Robert O. Ambrose received his Bachelor of Science and Master of Science in mechanical engineering from Washington University, and his doctorate from the University of Texas. His publications include topics in robot design, space environmental modeling, actuator development, kinematics, kinetics, bio-mechanics, interactive design software and non-linear optimization. He has built robotic systems for space, microelectronics, nuclear and agricultural applications, including manipulators, force feedback joysticks, gantries, walking machines and wheeled robots. He is currently Johnson Space Center's Robonaut Project leader.

The Web site is http://vesuvius.jsc.nasa.gov/er_er/html/robonaut/robonaut.html

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Photo of Vijay Kumar


Vijay Kumar

Department of Mechanical Engineering & Applied Mathematics
University of Pennsylvania

Contact information:
University of Pennsylvania, 3330 Walnut Street, Levine Hall, GRW 470 Philadelphia, PA 19104
Phone: (215) 898-5814
Email: kumar@grasp.upenn.edu

Vijay Kumar received his Master of Science and doctorate in mechanical engineering from The Ohio State University in 1985 and 1987 respectively. He has been on the faculty in the department of mechanical engineering and applied mechanics with a secondary appointment in the department of computer and information science at the University of Pennsylvania since 1987. He is currently the UPS Foundation professor and the chairman of mechanical engineering and applied mechanics.

Dr. Kumar served as the deputy dean of the School of Engineering and Applied Science from 2000-2004. He was director of the General Robotics, Automation, Sensing and Perception (GRASP) Laboratory, a multidisciplinary robotics and perception laboratory, from 1998-2004. He is a co-founder of Bio Software Systems, a start-up company in Camden, N.J., commercializing novel software tools for the analysis of regulatory networks.

Dr. Kumar's research interests lie in the area of robotics and networked multi-agent systems. He is a fellow of the American Society of Mechanical Engineers (ASME), a senior member of the Institute of Electrical and Electronics Engineers (IEEE), and a member of the Robotics International, Society of Manufacturing Engineers. He has served on the editorial board of the IEEE Transactions on Robotics and Automation, editorial board of the Journal of The Franklin Institute and the ASME Journal of Mechanical Design. He is the recipient of the 1991 NSF Presidential Young Investigator award, the Lindback Award for Distinguished Teaching, the 1997 Freudenstein Award for significant accomplishments in mechanisms and robotics and the 2004 IEEE International Conference on Robotics and Automation Kawamori Best Paper Award.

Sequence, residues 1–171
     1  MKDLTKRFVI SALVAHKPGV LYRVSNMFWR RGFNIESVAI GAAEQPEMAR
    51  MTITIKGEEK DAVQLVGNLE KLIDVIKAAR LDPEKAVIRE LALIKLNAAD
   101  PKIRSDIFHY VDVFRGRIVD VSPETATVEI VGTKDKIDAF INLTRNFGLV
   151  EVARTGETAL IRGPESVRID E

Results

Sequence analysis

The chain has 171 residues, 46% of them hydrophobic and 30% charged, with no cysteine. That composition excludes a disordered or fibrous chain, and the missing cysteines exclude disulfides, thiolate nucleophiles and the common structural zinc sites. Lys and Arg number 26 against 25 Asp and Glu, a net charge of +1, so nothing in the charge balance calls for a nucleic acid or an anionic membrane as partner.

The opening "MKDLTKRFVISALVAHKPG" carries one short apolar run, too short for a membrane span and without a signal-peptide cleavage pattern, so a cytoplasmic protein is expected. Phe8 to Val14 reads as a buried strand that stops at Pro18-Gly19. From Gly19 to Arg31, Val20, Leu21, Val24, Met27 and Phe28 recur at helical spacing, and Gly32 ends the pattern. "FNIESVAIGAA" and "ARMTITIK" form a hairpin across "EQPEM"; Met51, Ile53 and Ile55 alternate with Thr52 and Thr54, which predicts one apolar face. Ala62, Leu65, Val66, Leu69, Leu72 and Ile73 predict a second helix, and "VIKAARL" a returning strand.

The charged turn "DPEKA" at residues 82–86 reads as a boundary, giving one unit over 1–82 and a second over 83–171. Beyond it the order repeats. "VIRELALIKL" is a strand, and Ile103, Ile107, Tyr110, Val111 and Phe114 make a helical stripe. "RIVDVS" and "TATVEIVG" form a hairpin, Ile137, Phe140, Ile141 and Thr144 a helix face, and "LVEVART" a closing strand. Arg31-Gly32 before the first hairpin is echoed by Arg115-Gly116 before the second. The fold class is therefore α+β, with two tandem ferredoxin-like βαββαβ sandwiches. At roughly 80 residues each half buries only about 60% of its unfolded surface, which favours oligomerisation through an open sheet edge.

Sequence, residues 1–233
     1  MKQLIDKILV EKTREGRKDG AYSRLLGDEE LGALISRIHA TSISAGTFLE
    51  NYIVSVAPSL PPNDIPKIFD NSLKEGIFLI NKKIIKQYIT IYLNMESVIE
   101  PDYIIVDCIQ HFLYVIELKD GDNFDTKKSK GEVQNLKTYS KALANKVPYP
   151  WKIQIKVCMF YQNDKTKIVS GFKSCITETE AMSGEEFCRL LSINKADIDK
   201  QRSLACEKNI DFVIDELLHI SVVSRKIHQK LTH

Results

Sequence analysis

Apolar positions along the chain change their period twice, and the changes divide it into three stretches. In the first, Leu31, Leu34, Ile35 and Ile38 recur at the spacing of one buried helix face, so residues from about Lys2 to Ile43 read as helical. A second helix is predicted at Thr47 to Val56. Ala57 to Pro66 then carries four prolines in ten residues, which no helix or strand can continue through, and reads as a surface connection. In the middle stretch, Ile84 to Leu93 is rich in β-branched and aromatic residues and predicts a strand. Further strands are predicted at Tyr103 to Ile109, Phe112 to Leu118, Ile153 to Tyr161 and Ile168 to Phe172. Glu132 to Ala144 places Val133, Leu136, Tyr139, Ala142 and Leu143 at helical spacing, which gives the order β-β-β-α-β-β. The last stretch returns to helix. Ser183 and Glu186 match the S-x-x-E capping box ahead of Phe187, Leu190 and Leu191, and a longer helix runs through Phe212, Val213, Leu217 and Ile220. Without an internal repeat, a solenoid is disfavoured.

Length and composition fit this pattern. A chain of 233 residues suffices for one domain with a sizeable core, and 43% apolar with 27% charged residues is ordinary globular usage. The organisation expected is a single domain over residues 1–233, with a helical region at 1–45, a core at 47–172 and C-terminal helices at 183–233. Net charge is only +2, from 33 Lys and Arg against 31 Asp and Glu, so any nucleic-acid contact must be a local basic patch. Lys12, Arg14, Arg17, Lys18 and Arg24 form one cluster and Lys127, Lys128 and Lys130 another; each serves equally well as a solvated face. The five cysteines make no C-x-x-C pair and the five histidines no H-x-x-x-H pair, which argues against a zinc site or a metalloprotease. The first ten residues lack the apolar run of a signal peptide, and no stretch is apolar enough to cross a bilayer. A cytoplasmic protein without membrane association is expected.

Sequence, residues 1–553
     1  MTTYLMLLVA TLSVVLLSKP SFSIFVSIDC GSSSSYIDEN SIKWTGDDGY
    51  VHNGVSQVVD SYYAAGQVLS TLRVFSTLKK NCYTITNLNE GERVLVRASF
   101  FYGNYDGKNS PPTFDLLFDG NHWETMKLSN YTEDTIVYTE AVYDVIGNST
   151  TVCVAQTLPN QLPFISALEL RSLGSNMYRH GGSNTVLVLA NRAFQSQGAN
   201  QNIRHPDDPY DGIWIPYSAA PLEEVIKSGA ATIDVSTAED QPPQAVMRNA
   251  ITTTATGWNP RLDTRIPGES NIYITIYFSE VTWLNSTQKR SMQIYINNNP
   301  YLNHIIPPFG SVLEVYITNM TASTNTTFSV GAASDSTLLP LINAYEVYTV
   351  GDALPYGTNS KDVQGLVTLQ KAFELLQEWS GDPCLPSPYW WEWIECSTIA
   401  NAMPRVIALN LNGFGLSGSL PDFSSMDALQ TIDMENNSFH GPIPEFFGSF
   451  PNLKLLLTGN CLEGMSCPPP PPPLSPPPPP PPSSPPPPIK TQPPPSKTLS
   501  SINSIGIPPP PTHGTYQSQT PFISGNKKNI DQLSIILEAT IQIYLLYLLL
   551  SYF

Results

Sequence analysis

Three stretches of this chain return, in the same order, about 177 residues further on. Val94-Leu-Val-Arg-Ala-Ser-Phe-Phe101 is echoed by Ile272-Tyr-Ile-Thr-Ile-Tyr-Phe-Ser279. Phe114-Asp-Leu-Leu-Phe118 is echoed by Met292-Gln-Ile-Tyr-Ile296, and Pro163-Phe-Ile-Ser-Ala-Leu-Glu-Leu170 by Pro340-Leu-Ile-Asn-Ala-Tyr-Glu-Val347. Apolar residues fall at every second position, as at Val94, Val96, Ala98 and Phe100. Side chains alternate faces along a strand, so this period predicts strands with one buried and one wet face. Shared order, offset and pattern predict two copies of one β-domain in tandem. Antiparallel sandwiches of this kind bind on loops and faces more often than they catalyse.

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Photo of Arthur C. Sanderson


Arthur C. Sanderson

Professor, Department of Electrical, Computer, and Systems Engineering
Rensselaer Polytechnic Institute

Contact information:
Rensselaer Polytechnic Institute, Troy, NY 12180
Phone: (518) 276-2879
Email: sandea@rpi.edu

Arthur C. Sanderson received his Bachelor of Science degree from Brown University, Providence, R.I., in 1968, and his Master of Science and doctorate degrees from Carnegie Mellon University, Pittsburgh, Pa., in 1970 and 1972, respectively.

Dr. Sanderson held faculty positions at Carnegie Mellon University from 1973 to 1987, where he was co-director of the Robotics Institute, the largest university-based robotics research center in the United States. In that role, he provided guidance for programs in industrial robotics, mobile robotics with applications to space, defense, and hazardous environments, medical robotics, and fundamental research in intelligent systems. He pioneered research on real-time visual servo control systems for robotics applications, and introduced sensor-based control architectures in a number of different domains.

He has held visiting positions at Delft University of Technology, Delft, The Netherlands, Universidad Iberoamericana, Mexico City, Mexico, and Philips Laboratories, Briarcliff Manor, N.Y. In 1987, he joined Rensselaer Polytechnic Institute as professor and served as department head of the electrical, computer and systems engineering department from 1987 to 1994. He was co-director of the Center for Advanced Technology in Automation and Robotics, and co-principal investigator of the Center for Intelligent Robotic Systems for Space Exploration, and developed real-time hierarchical architectures for space flight applications. He developed the "Tetrobot" system of modular distributed robotics that provides flexible reconfiguration of robotics capability for different applications.